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Marine animals suggest evidence for a trans-Antarctic seaway

Date:
August 31, 2010
Source:
British Antarctic Survey
Summary:
A tiny marine filter-feeder that anchors itself to the sea bed offers new clues to scientists studying the stability of the West Antarctic Ice Sheet -- a region that is thought to be vulnerable to collapse. Scientists analyzed sea-bed colonies of bryozoans from coastal and deep sea regions around the continent and from further afield. They found striking similarities in particular species of bryozoans living on the continental shelves of two seas -- the Ross and Weddell -- that are around 1,500 miles apart and separated by the West Antarctic Ice Sheet.

Bryozoans take many different forms, some of which are shown here. All of these occur on Southern Ocean continental shelves.
Credit: Image courtesy of British Antarctic Survey

A tiny marine filter-feeder, that anchors itself to the sea bed, offers new clues to scientists studying the stability of the West Antarctic Ice Sheet -- a region that is thought to be vulnerable to collapse.

As part of a study for the Census of Antarctic Marine Life (CAML), scientists from British Antarctic Survey (BAS) analysed sea-bed colonies of bryozoans from coastal and deep sea regions around the continent and from further afield. They found striking similarities in particular species of bryozoans living on the continental shelves of two seas -- the Ross and Weddell -- that are around 1,500 miles apart and separated by the West Antarctic Ice Sheet.

This new finding, published this month in the journal Global Change Biology, leads the science team to conclude that these animals could have spread across both seas only by means of a trans-Antarctic seaway through what is now a 2 km solid layer of ice. They suggest also that this seaway opened up during a recent interglacial (warm period between ice ages) perhaps as recently as 125,000 years ago when sea level was about 5 metres higher than today.

While some geological evidence suggests that the West Antarctic Ice Sheet (WAIS) collapsed at least once in the last million years, scientists are keen to determine the frequency of collapse and to understand the processes and connections between warm periods and deglaciation events. Elsewhere around Antarctica the marine animals that could help scientists estimate the date when West Antarctica was ice free, were obliterated during ice ages by advancing glaciers that bulldozed their fossil remains off the continental shelf.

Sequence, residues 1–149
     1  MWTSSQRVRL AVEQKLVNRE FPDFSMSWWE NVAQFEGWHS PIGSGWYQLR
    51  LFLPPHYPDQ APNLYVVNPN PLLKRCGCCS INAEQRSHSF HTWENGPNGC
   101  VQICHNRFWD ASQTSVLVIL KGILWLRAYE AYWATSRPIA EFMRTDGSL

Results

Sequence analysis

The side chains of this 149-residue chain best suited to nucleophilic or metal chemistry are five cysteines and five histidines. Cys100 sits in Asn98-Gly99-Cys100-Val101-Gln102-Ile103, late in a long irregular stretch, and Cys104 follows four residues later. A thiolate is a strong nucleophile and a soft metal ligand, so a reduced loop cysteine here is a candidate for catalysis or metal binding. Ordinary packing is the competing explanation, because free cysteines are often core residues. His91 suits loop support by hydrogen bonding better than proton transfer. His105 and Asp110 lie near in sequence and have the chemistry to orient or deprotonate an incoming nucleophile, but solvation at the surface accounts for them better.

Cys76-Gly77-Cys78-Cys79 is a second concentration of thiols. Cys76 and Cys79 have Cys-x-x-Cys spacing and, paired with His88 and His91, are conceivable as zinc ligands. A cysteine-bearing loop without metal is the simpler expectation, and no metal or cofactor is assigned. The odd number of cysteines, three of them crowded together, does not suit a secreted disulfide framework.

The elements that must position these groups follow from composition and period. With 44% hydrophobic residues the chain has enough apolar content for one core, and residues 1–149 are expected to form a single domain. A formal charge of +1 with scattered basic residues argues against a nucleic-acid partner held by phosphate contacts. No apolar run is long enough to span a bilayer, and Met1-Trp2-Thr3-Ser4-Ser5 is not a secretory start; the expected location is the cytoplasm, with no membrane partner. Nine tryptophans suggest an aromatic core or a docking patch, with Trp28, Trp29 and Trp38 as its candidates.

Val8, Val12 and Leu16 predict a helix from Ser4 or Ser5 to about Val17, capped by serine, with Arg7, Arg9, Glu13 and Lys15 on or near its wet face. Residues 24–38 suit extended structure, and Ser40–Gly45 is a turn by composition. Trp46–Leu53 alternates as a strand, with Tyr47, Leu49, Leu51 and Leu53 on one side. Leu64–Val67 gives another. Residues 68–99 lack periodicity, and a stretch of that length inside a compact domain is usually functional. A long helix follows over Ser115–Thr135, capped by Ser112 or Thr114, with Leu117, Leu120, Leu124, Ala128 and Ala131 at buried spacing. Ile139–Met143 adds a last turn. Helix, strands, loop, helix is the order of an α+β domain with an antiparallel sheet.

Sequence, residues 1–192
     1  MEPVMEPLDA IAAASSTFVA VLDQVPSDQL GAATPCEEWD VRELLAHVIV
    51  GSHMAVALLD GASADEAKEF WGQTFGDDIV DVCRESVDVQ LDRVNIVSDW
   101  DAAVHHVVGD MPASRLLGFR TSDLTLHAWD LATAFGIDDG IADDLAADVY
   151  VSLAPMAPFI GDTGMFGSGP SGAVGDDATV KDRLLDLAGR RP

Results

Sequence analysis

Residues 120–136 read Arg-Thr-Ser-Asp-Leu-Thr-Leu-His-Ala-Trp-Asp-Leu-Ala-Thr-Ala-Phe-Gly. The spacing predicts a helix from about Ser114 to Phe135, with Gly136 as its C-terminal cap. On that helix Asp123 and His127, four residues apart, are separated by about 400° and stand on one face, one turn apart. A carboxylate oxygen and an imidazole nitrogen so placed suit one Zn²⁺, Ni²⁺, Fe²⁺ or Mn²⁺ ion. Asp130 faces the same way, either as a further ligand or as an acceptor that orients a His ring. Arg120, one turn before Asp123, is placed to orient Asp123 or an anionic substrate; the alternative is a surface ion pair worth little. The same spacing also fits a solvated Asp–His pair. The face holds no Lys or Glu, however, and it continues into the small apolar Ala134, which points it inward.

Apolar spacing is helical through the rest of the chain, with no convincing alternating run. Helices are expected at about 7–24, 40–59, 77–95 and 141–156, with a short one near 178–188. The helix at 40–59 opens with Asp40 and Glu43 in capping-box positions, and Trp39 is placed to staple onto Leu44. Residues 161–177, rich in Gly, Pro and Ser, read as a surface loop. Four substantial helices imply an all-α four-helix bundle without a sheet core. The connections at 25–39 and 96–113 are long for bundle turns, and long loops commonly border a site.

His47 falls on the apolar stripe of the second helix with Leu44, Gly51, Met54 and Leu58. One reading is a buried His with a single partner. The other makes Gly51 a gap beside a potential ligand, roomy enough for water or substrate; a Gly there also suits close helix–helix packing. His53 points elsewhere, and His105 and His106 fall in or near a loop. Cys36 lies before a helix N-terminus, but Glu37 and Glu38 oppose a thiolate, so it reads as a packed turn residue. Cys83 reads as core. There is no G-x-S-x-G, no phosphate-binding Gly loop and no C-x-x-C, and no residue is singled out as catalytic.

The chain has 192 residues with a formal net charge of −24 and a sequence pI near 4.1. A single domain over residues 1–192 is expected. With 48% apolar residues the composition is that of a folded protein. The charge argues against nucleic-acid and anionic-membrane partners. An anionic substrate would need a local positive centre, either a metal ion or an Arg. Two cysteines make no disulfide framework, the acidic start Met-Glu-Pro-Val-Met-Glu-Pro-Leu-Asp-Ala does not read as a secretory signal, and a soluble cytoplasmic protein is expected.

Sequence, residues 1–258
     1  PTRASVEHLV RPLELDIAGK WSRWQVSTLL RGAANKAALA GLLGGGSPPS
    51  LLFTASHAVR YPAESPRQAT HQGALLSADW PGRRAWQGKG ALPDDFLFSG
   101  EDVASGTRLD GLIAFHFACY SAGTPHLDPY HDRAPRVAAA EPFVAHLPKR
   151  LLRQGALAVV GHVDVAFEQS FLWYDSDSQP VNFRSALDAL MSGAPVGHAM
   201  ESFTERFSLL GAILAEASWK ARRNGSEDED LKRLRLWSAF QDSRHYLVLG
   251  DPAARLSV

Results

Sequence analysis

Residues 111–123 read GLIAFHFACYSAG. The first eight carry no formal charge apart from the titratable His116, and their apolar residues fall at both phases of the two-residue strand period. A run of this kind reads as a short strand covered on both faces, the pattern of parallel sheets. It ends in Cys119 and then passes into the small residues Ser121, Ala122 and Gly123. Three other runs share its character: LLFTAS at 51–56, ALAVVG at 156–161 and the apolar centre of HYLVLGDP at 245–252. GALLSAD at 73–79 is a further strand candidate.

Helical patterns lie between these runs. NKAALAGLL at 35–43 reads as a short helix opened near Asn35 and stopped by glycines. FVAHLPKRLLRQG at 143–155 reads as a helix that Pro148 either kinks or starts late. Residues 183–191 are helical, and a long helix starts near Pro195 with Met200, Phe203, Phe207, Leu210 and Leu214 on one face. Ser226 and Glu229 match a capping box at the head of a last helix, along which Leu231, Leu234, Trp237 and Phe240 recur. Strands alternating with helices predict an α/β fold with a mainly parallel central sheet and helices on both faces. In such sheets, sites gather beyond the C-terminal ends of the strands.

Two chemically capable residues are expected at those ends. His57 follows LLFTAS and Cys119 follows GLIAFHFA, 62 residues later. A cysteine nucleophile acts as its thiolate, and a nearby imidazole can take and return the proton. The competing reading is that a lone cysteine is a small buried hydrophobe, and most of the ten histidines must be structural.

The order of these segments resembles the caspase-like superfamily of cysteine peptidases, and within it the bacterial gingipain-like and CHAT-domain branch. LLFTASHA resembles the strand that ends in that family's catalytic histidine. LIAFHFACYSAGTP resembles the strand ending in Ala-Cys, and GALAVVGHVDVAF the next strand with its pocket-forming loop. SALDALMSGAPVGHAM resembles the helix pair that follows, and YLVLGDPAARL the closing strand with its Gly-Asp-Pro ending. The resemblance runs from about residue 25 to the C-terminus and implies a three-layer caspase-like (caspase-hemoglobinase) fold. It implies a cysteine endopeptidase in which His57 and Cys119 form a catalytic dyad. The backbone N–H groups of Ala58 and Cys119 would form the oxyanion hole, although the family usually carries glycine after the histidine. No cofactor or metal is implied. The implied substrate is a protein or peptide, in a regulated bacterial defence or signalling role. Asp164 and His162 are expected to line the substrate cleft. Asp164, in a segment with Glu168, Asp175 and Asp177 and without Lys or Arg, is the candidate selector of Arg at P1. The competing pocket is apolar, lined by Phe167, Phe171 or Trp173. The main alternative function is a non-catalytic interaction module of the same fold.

This new biological evidence contributes to glaciological investigations focused on the future stability of the WAIS, which may have a major impact on the rate of sea level rise in the coming centuries. Scientists estimate that a complete collapse of the WAIS would raise global sea level by around 3.3 m to 5 m.

Lead author of the paper Dr David Barnes of British Antarctic Survey said,

"The West Antarctic Ice Sheet can be considered the Achilles heel of Antarctica and because any collapse will have implications for future sea level rise it's important that scientists get a better understanding of big deglaciation events. This biological evidence is one of the novel ways that we look for clues that help us reconstruct Antarctica's ice sheet history.

"Our new research provides compelling evidence that a seaway stretching across West Antarctica could have opened up only if the ice sheet had collapsed in the past.

"When we found groups of strikingly similar bryozoans hundreds of miles apart we knew we were onto something very interesting. Perhaps these species had survived the last ice age whereas in all other regions of Antarctica they were wiped out. We know that after the last ice age groups of bryozoans dispersed freely between many of the regions we studied. But because the larvae of these animals sink and this stage of their life is short -- and the adult form anchors itself to the seabed -- it's very unlikely that they would have dispersed the long distances carried by ocean currents. For the bryozoans on both the Weddell and Ross sea continental shelves to be more similar to one another than to any of those found in the waters in between is striking indeed. Our conclusion is that the colonisation of both these regions is a signal that both seas were connected by a trans-Antarctic seaway in the recent past."


Story Source:

The above story is based on materials provided by British Antarctic Survey. Note: Materials may be edited for content and length.


Journal Reference:

  1. David K. A. Barnes, Claus-Dieter Hillenbrand. Faunal evidence for a late quaternary trans-Antarctic seaway. Global Change Biology, 2010; DOI: 10.1111/j.1365-2486.2010.02198.x

Cite This Page:

British Antarctic Survey. "Marine animals suggest evidence for a trans-Antarctic seaway." ScienceDaily. ScienceDaily, 31 August 2010. <www.sciencedaily.com/releases/2010/08/100831073254.htm>.
British Antarctic Survey. (2010, August 31). Marine animals suggest evidence for a trans-Antarctic seaway. ScienceDaily. Retrieved September 3, 2014 from www.sciencedaily.com/releases/2010/08/100831073254.htm
British Antarctic Survey. "Marine animals suggest evidence for a trans-Antarctic seaway." ScienceDaily. www.sciencedaily.com/releases/2010/08/100831073254.htm (accessed September 3, 2014).

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